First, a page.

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San Francisco Pauses Restaurant Reopening After COVID-19 Cases Increase

Dining rooms were expected to open at 50 percent capacity on November 3, but an increase in coronavirus cases has stopped that plan in its tracks.

With only 12 seats in its dining room, Mission District omakase spot Sasaki cannot reopen at 25 percent capacity.
Patricia Chang

San Francisco Mayor London Breed announced Friday, October 30, that the city will temporarily pause most reopening efforts planned for early November, following an increase in COVID-19 cases and hospitalizations across the city.

Just 10 days ago, San Francisco’s Department of Public Health (DPH) announced that as of November 3, restaurants would be allowed to expand indoor dining from 25 percent capacity, with a cap of 100 patrons, to 50 percent capacity/200 patrons, a plan that as of October 30 is on hold for an indeterminate period of time.

The increase in indoor dining was seen as a lifeline by many restaurateurs, many of whom have said that operating at 25 percent capacity isn’t financially sustainable. Speaking with Eater SF on October 30, for example, China Live founder George Chen says that the reduced capacity means “we’re burning through money” without breaking even. “It’s not something that any restaurant can continue long term,” he says.

But for the short term, at least, the one-quarter capacity rule stands, with takeout, delivery, and outdoor dining as backup revenue streams for restaurants that offer those options. According to Breed and DPH Director of Health Dr. Grant Colfax, there is no timeline for when reopening might resume, noting in a statement that the pause is due to “an increase in COVID-19 case rates and hospitalizations in San Francisco, coupled with the current increase in cases in California and across the United States.”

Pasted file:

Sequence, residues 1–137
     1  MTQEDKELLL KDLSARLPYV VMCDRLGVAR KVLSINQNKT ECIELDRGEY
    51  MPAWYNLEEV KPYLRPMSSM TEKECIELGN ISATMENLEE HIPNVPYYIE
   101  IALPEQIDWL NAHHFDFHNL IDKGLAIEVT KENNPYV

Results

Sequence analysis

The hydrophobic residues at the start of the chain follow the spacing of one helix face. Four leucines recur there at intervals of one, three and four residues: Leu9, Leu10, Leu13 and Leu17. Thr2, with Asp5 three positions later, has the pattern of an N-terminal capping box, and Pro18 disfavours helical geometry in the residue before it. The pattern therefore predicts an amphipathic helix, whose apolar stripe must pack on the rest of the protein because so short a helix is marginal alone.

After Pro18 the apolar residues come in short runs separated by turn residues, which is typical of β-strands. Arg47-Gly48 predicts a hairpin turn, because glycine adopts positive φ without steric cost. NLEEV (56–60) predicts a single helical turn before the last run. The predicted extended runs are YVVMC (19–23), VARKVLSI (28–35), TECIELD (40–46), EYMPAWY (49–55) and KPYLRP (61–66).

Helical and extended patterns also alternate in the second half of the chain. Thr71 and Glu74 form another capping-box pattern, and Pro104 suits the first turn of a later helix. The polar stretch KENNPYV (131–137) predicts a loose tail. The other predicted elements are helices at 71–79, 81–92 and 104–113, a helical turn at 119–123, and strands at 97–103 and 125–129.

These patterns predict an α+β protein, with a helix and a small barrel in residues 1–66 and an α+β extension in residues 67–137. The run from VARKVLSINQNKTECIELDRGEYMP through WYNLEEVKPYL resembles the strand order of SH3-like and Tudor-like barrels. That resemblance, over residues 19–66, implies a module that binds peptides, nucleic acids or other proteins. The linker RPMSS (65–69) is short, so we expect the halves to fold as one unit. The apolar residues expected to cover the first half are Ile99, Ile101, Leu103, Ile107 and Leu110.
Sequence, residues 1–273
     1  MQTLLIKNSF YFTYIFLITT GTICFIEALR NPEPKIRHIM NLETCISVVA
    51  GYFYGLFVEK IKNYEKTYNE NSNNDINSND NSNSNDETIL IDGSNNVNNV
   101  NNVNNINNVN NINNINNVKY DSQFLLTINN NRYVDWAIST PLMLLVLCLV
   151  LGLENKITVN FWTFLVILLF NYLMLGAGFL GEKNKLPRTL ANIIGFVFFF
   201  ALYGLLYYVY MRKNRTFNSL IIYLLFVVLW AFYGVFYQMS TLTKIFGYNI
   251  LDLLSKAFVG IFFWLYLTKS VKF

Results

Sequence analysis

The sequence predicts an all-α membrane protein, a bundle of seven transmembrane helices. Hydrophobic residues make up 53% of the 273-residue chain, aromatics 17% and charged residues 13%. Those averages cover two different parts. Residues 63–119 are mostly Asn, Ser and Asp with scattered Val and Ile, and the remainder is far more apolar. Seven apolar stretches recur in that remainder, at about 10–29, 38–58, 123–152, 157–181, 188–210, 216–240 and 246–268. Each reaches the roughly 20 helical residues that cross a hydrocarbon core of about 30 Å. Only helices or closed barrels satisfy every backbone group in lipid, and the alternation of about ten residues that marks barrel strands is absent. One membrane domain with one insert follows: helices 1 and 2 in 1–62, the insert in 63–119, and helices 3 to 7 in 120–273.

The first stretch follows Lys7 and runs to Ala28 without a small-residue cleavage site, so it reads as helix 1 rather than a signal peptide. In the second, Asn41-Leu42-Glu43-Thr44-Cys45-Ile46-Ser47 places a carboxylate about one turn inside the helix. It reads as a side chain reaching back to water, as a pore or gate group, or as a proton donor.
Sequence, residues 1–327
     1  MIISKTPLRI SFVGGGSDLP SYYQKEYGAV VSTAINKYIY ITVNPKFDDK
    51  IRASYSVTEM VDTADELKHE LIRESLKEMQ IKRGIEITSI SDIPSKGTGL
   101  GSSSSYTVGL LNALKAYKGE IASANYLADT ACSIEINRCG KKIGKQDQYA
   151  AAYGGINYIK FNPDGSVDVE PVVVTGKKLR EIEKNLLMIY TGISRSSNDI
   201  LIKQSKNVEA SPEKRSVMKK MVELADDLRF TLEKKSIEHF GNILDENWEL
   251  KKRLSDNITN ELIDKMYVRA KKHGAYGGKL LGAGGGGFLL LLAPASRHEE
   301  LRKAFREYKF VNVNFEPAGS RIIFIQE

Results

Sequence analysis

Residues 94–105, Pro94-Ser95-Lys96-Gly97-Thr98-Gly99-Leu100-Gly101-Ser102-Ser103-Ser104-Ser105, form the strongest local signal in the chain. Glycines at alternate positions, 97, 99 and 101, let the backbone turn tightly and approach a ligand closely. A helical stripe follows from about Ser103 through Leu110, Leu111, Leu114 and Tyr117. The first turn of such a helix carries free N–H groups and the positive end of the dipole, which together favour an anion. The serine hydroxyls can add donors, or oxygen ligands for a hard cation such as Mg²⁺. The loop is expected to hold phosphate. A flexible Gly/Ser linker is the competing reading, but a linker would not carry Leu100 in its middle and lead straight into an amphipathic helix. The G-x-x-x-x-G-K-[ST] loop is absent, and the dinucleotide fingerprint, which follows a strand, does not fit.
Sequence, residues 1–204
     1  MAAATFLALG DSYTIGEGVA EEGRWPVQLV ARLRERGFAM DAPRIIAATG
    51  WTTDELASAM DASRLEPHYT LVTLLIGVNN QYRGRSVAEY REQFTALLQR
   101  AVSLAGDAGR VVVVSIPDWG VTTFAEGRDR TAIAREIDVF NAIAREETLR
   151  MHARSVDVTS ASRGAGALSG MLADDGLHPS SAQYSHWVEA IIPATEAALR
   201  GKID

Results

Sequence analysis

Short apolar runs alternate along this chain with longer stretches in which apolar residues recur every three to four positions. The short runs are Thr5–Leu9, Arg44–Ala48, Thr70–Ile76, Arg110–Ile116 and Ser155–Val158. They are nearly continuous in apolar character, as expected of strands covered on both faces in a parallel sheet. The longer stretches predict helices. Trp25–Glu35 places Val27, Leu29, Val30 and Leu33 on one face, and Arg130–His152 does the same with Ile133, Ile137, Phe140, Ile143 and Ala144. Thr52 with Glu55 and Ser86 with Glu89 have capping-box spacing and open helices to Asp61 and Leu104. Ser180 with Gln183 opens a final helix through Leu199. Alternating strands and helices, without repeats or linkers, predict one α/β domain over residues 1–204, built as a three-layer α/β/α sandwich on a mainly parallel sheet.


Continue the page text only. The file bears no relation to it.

“It is better for San Francisco to take the time to pause now and assess the data than to keep reopening and risk needing to roll-back reopening at a future date,” the Mayor’s office said in a statement. In addition to the expansion of indoor dining, the reopening of indoor pools, bowling alleys, and locker rooms at gyms and fitness centers has also been paused, as has capacity increases at places of worship and museums.

“With this pause,” Breed says, “our public health experts can evaluate our cases and hospitalizations so that we can work to stay ahead of this virus and keep our community safe.”

For now, at least, businesses and activities that are currently allowed “may continue operating at this time,” the city says, and schools will continue to resume on-campus activities as planned.

One big concern, Breed says, is the higher potential for spread in the next few days. “Wear your face covering when you go out, keep your distance, and avoid gatherings,” Breed says. That’s advice that’s been applicable throughout the pandemic, but it’s an even higher priority in the coming week. “This is going to be especially important with Halloween this weekend and the election on Tuesday,” Breed says, These aren’t normal times and we can’t act like they are.”

In a statement, Laurie Thomas, executive director of lobbying group the Golden Gate Restaurant Association (GGRA), echoed Breed’s encouragement that people do what they can to reduce the spread of COVID-19. “It is crucial that our community adhere to the San Francisco Department of Public Health guidance in order to reduce transmission; including mask wearing while dining when any staff members approach, social distancing, contact tracing, and implementing increased ventilation processes,” Thomas says.

Though this news is frustrating for many, it’s also likely that San Francisco’s conservative approach to reopening is paying off, in the larger sense. As of October 30, San Francisco still has the lowest COVID-19 death rate of any large city in the U.S., as well as the second-lowest test positivity rate of any large city. Even Thomas, whose livelihood depends on indoor dining (she’s the owner of Cow Hollow restaurants Rose’s Cafe and Terzo), sees the value in holding off on reopening.

“Although we are disappointed to hear that San Francisco will not be moving forward to allow indoor dining at 50 percent capacity at this time,” Thomas says, “we understand the need to pause our reopening plan in order to keep cases and hospitalizations under control ... Our biggest concerns remain with the health of our workers, patrons and residents of San Francisco.”